Coming to terms with your disappointing beard

The ultimate trophy of masculinity can be all too illusive

20s beards facial hair male grooming men moustache university

You’re in your twenties now,  and your beard just won’t grow. Beard envy is a real and crushing thing. Your best mate from home has looked like Hagrid since he was sixteen, but here you are, accelerating into your twenties, and still unable to grow anything more than a scraggly patch of chin fur.

beard chinstrap neckbeard

Not quite what you had in mind

A beard is the one form of masculinity that the everyman can reach – no matter how shit at football or averse to beer, at least you can grow a thick face fungus in order to integrate in this viciously masculine society.

But alas, you’ve been trying to grow it for years to no avail. You’ve tried shaving it from a young age to encourage it, you’ve tried letting it grow out to make it look like you’ve something to offer. But all you’ve managed so far is an oddly long, fluffy moustache and an unusually shaped patch under your chin.

They’ve been trendy for a few years now, but you’re starting to wonder if beards be out of fashion again by the time this lacklustre mess of wiry hair grows. Even if you don’t want a beard, being comfortable in your ability to grow one is all so powerful.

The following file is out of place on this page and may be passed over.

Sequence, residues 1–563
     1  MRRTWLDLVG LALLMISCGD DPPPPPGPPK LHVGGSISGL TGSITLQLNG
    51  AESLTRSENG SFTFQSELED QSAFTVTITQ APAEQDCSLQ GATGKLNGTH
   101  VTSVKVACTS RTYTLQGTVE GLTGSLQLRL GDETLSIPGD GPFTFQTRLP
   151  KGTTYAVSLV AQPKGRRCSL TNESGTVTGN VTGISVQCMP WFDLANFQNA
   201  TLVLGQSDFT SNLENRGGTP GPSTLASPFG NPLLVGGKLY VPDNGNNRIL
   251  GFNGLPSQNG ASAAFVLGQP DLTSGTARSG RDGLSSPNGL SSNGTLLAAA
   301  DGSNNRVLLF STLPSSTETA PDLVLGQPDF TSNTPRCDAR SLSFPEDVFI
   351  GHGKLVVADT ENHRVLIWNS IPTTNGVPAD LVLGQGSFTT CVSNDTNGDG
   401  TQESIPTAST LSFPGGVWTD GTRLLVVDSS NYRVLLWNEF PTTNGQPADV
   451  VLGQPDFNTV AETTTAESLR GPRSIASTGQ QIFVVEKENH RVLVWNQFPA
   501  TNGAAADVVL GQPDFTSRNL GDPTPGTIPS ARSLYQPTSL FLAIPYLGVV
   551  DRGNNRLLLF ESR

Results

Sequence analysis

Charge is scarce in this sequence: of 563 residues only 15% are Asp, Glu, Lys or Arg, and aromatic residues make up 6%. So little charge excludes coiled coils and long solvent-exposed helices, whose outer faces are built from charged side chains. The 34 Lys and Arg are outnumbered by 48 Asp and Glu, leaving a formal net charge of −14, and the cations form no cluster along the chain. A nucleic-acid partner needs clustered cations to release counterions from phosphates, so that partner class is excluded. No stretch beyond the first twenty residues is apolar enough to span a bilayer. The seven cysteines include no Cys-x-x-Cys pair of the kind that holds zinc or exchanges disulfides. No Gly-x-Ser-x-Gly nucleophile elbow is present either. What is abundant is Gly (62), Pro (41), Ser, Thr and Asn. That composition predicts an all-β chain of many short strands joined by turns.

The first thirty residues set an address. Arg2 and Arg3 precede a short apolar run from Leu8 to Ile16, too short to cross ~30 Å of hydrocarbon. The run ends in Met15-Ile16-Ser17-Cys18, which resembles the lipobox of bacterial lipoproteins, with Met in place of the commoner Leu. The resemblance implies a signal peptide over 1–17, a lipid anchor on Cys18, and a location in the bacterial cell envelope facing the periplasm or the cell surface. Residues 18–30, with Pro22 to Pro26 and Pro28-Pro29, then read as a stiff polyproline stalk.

patchy beard facial hair

Notable features include: ginger chin hairs, random cheek patches, a bushy underbeard

Beards are symbol, a shining example. Having a beard screams ‘hah, I don’t need to be ID’d in Tesco Express’. Maturity and sex appeal are just a beard’s growth away. Watch the matches roll in on tinder, your beard proudly on display in your pics. Little do they know the face forest only functions to hide your chubby, oddly shaped cheeks. They’re also great for hiding spots, dry patches of skin, weird moles – they’re essentially makeup for men.

At least that’s the idea. In practice it doesn’t quite work that way. Your beard is a mess. You don’t know how to maintain it. It grows unevenly, landing you with a heavy neck beard and very little else. Why won’t it just take that extra step and finally cover your cheeks? Not only that, it’s a patchwork of different colours and textures. Why the hell is it ginger there? Why are the hairs so straight on the chin? And just when you thought it could get no worse, an unkindly friend says “what’s that?” and plucks from your face a long, grey beard hair. Now you’re going grey too.

Surely there's some way to fix this

Surely there’s some way to fix this

But you just need to go through the stages of beard grief:

  1. You shave it off. If nobody can see how bad it is then it’s fine.
  2. You try to shape it. You work with what you have, ferociously hacking at it to try and mould it to the ideal.
  3. You pray for it to fill in, willing for it to grow in the baron patches.
  4. You resign yourself to the fact it’ll never be quite how you want it.

Accept your beard for what it is: disappointing, but yours. Wear that mismanaged, strangely coloured, fluffy and frankly ugly beard with pride. Or not, just shave it off and be done with it.

The universe is truly cruel. These impossibly high beard standards have left the young men of the UK struggling to keep up. Cut us some slack and let us go through our awkward beard phase in peace. I mean what’s the alternative? A bunch of baby-faced twenty-somethings roaming around campus? No thank you. Sure, it’s not the most impressive example yet, but give it another 20 years and you’ll be laughing.